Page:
On race morning at 8.30am, the 22 entries - ranging from Weymann-bodied 5-litre Steyr saloons to the sporty Bugattis - were towed to the start by a group of Citroën Kégresse half-tracks to conserve fuel. When the flag dropped, the cars had to start with no outside assistance. As the rest of the field set off the Bugattis were reluctant to start in the cool air, but eventually got going with Pierre de Vizcaya leading the Molsheim squad. The 10,000-seater grandstands were virtually empty - even by noon only 59 spectators were counted. The local hotelier was particularly glum because he'd ordered 400 plucked chickens to feed the expected hordes.
Open cars were required to stop, erect their hoods and complete one lap with full weather gear. This proved a problem for the class-leading Darracqs - the Bugattis' main rival - because their windscreen supports had broken and the tops had to be strapped down with rope. The Molsheim team set a strict pace, letting the bigger cars motor ahead, but after 357 miles Pierre de Vizcaya was up to fourth, while brother Ferdinand had already retired with a holed radiator. The rest of the team ran the full distance like clockwork, and by the early eveningConstantini had completed the 590 miles in 11 hours 12 minutes, averaging 52mph and heading a Bugatti 1-2-3-4. 'The remarkable feature of the straight-eight engine was its clean condition,' reported The Autocar. 'Not a drop of oil anywhere.' While others struggled with tyre problems, the T39s' Michelin-shod eight-spoke aluminium wheels weren't changed once.
The following month, the AIARC (Alliance Internationale des Automobile Clubs Reconnus) met in Paris to confirm revised regulations for the 1926 Grand Prix season, following fears that the 2-litre cars were becoming dangerously fast - underlined by the tragic loss of Antonio Ascari in the French GP. The new rules limited engines to 1500cc and set minimum weight at 700kg (1514lb). The 800mm cockpit width remained, although riding mechanics were banned.
To encourage teams to test new designs, the 1500s were allowed to run against the bigger cars in the Italian GP at Monza. Knowing his T35 would be outperformed by the Alfa P2 and V12 Delage, Bugatti entered a team of T39s. The touring bodywork was removed to be replaced with a GP-style shell, complete with the contentious one-piece cowl and passenger cover that had caused a rumpus at the French GP. The engine was uprated with higher compression and twin carbs. The 1925 championship would go to the Monza winner because Delage, Alfa Romeo and Duesenberg had all won a round each. When Delage withdrew, a heated Italo-American duel developed at the front of the 800km race, much to the delight of the huge crowd.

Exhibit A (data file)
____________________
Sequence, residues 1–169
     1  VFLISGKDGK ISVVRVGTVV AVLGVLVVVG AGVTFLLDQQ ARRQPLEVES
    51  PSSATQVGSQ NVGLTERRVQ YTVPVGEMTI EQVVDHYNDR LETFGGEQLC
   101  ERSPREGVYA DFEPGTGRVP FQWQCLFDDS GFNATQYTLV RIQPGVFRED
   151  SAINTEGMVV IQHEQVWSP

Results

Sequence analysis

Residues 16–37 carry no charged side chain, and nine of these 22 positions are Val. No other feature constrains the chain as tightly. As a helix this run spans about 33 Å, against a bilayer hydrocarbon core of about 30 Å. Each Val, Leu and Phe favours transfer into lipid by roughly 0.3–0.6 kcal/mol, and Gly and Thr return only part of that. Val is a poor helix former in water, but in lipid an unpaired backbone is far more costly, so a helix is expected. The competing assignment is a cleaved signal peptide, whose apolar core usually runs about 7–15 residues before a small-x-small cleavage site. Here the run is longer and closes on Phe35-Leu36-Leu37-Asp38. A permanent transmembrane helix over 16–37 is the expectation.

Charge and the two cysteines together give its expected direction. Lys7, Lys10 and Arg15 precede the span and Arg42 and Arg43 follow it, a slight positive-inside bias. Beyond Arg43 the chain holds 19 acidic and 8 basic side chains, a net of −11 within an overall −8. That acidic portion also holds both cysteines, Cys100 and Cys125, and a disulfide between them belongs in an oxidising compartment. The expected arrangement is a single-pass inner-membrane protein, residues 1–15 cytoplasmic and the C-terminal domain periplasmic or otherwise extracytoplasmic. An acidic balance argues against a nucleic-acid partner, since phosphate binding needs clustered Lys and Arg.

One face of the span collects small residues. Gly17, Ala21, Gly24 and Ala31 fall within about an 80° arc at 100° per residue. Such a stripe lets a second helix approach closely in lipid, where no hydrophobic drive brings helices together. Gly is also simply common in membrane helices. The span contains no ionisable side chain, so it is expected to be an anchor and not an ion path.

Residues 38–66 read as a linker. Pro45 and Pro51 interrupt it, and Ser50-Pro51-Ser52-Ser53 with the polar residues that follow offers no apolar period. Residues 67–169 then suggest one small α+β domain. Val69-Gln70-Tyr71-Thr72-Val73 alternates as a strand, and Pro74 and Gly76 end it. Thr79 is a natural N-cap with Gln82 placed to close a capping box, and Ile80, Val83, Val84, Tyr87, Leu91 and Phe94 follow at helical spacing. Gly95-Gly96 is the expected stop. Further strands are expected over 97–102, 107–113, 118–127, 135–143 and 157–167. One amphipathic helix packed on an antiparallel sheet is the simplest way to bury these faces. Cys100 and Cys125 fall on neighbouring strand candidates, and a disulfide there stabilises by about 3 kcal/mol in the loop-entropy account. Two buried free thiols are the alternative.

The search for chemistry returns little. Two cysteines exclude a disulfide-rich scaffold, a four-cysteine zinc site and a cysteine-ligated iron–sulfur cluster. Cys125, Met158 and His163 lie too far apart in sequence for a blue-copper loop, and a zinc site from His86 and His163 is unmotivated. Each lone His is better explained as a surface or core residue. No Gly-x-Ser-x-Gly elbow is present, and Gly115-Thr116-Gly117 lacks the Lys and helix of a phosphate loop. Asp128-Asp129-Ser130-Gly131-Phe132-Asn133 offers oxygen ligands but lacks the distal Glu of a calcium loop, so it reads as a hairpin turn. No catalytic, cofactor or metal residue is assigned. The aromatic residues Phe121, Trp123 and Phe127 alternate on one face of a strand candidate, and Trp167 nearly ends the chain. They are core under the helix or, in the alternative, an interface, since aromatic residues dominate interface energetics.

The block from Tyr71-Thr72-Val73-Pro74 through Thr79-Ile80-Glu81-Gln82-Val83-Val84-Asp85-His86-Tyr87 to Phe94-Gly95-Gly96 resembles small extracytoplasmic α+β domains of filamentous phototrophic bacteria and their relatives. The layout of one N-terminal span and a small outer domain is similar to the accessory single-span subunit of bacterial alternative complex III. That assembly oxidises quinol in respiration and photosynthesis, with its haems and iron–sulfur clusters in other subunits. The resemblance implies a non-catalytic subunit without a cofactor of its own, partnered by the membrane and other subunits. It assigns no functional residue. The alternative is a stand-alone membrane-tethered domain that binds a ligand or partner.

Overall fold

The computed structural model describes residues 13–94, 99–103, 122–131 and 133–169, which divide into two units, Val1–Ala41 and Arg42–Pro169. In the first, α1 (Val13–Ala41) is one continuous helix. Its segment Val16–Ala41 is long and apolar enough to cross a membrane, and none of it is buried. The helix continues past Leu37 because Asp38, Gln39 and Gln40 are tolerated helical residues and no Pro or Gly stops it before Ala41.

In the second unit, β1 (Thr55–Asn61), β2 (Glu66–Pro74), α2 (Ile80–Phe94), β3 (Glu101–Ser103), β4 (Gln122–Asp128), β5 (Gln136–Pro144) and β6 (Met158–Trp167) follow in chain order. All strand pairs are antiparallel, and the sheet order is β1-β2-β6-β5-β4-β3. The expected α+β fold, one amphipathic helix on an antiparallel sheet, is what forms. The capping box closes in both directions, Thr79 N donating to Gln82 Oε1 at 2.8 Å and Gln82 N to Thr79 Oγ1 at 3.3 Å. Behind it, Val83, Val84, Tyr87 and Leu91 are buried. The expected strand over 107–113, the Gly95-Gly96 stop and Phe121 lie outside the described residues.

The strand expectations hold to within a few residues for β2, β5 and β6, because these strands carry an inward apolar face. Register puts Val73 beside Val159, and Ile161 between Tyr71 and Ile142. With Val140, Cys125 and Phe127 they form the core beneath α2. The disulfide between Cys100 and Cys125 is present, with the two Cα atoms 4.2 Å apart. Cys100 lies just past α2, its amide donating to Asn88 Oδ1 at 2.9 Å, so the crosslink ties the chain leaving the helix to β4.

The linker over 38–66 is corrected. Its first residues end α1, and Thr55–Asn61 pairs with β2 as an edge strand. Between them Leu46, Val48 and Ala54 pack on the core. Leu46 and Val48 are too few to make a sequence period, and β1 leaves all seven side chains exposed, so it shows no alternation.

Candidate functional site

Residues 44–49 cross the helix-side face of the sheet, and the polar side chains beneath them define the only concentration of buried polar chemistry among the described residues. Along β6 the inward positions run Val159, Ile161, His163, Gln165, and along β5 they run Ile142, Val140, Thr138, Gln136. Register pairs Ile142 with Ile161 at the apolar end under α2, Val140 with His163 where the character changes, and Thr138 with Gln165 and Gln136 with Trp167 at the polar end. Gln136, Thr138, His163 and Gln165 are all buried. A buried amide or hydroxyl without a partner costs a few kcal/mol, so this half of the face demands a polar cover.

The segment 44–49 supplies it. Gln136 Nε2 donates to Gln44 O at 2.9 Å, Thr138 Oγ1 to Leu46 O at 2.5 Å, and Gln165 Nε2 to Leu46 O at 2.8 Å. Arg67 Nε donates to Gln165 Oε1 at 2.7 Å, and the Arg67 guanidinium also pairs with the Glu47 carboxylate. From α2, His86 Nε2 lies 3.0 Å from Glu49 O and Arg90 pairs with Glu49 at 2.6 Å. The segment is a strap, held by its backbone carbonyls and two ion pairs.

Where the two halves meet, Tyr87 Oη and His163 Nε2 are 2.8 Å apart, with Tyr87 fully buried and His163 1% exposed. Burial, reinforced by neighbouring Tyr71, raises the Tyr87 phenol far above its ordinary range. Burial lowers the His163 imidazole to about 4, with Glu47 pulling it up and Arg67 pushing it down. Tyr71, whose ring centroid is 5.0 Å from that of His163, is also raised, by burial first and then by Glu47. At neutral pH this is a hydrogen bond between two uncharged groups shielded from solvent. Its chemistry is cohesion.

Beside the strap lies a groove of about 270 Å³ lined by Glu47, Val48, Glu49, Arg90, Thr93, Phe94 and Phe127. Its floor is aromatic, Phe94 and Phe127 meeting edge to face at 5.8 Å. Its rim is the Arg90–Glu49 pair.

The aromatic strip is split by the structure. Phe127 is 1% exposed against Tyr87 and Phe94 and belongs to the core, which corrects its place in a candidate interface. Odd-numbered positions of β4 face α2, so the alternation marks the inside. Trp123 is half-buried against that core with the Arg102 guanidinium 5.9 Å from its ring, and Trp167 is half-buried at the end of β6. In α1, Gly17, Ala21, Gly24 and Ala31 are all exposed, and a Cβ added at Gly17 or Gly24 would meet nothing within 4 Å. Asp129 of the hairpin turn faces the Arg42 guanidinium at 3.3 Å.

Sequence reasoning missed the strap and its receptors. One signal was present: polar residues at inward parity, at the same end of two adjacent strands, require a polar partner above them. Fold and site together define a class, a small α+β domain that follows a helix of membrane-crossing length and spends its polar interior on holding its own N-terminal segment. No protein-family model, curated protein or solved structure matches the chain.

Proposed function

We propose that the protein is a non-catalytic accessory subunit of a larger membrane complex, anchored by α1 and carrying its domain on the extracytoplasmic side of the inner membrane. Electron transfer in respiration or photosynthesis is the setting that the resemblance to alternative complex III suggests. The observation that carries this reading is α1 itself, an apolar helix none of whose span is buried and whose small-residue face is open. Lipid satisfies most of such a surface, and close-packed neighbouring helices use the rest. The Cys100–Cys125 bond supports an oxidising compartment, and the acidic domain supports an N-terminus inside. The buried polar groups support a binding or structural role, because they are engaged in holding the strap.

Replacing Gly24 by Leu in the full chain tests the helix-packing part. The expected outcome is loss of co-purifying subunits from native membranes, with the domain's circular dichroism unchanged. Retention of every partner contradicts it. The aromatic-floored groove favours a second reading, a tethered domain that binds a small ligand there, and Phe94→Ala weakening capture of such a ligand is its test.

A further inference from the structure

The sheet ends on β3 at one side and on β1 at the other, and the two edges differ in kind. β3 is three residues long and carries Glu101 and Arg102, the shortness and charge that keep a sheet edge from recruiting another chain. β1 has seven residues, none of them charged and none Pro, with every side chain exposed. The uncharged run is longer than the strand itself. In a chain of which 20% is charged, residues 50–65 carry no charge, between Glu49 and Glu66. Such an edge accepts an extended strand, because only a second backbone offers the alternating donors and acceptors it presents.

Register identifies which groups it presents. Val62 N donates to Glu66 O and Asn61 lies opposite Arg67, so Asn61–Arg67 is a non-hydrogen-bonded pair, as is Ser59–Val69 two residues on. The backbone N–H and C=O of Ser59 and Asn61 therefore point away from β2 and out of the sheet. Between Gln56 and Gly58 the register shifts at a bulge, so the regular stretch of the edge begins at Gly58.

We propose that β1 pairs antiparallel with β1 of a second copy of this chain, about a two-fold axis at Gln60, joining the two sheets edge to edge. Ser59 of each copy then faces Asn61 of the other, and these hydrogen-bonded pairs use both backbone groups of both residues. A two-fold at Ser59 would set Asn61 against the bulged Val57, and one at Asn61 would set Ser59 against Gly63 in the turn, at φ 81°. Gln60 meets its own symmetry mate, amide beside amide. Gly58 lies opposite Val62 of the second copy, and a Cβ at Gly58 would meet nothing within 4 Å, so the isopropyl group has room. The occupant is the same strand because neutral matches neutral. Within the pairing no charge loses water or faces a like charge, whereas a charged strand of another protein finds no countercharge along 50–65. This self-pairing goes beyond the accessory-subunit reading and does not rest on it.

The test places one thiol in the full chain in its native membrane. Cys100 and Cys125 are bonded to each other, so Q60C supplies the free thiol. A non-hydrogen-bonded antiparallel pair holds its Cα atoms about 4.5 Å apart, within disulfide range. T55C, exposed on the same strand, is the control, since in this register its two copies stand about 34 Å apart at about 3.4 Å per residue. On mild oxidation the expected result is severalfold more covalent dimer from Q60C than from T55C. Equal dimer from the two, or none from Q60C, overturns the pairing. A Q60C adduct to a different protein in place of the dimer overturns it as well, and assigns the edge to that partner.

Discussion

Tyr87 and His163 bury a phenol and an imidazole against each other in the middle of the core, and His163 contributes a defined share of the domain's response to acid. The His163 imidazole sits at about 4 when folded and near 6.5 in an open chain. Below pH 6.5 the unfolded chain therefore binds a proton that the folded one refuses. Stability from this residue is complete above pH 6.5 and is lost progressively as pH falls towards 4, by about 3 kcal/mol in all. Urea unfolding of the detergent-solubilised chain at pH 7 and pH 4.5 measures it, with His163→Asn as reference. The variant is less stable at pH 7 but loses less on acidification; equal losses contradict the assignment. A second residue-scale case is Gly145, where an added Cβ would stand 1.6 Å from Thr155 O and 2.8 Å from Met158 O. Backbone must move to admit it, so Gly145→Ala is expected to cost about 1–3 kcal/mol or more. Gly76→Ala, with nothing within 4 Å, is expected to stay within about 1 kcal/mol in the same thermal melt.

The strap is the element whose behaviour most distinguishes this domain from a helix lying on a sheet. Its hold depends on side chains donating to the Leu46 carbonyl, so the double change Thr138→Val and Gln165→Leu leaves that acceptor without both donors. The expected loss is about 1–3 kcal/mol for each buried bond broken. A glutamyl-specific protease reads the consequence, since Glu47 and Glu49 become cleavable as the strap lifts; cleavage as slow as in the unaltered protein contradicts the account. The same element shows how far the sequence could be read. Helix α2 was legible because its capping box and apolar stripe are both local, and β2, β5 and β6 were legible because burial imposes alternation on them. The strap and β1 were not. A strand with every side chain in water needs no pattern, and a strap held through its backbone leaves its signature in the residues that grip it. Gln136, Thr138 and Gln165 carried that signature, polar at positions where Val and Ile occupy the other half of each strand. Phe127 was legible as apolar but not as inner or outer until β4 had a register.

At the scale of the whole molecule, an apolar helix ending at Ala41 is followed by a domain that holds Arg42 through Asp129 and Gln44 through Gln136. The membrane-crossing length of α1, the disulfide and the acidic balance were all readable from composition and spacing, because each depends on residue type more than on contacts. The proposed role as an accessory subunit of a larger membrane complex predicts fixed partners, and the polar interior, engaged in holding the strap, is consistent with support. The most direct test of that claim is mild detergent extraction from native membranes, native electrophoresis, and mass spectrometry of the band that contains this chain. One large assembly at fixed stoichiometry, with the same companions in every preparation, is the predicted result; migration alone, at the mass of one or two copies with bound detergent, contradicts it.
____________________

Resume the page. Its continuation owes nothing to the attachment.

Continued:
At the start, 2500 pigeons were released and massed bands burst into music. Cheers drowned out the exhausts as 15 red, white and blue cars blasted off for the five-hour thriller. Gaston Brilli-Peri won for Alfa at an average of 94.76mph but, although outpaced by the 2-litre racers, the Bugattis' reliability came good with Goux heading the French team in 5-6-7-8-9 at half-distance. After he'd run a faultless race, Goux was slowed on the last lap by a broken valve, letting distinguished Venetian Constatini through for an impressive third ahead of Tom Milton's Duesenberg. In its only two major outings, the T39 had excelled.
Two of the Monza voiturette team cars were quickly sold to Australia and it's believed that Giulio Foresti, one of the Molsheim works drivers, had a hand in the deal. working as a salesman in England, Foresti promoted the racers as 'Maroubra Brescia Beaters'. Earlier, in an attempt to take the Australian Land Speed record, this T39 -'4604'- had been acquired by Frank Parle, a wealthy chemist from Edgecliff. The car made its Australian debut at Maroubra in June 1926, where Parle entered J O'Rourke to drive. The Bugatti's performance was initially disappointing, but in July it finally came good with a win at Maroubra at 80mph. The car continued to race in Australia and New Zealand and there was no doubting its speed. At Muriwai it was clocked at 115mph and Hope Bartlett, a later owner, was caught speeding through Gerringong, New South Wales at 100mph - but amazingly won his case. '4604' changed hands several times during the early '30s and remained competitive, even leading the '32 Australian GP driven by Carl Junker until it threw a con-rod. After another engine blow-up in '38, the much-campaigned machine was acquired by Ted Lobb of NSW. Lobb carefully preserved the racer's original state, rebuilding its broken engine.